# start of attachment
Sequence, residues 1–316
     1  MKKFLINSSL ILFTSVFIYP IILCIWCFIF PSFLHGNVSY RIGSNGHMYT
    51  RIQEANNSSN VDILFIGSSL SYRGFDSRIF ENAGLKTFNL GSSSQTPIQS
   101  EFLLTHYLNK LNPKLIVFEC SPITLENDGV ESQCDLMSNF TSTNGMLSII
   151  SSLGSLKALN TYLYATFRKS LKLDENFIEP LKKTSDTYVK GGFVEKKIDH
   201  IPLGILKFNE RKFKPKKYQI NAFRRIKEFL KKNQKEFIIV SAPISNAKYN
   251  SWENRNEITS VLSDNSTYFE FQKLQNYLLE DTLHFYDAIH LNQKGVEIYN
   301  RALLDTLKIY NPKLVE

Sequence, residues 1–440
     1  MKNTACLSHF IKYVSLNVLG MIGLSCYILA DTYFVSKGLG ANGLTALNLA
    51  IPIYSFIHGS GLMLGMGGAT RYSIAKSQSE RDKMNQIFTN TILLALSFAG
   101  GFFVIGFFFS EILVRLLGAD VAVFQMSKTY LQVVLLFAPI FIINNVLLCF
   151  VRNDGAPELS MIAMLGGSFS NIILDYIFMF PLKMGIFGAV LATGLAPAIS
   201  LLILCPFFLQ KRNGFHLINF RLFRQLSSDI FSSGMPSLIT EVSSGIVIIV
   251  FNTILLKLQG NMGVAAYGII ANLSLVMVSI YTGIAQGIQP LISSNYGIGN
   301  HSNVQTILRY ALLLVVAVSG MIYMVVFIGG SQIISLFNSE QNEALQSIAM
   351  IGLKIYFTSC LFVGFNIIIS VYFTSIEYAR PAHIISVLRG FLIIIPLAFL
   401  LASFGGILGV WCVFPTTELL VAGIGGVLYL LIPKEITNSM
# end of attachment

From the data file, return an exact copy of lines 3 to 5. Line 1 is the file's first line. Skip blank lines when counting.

    51  RIQEANNSSN VDILFIGSSL SYRGFDSRIF ENAGLKTFNL GSSSQTPIQS
   101  EFLLTHYLNK LNPKLIVFEC SPITLENDGV ESQCDLMSNF TSTNGMLSII
   151  SSLGSLKALN TYLYATFRKS LKLDENFIEP LKKTSDTYVK GGFVEKKIDH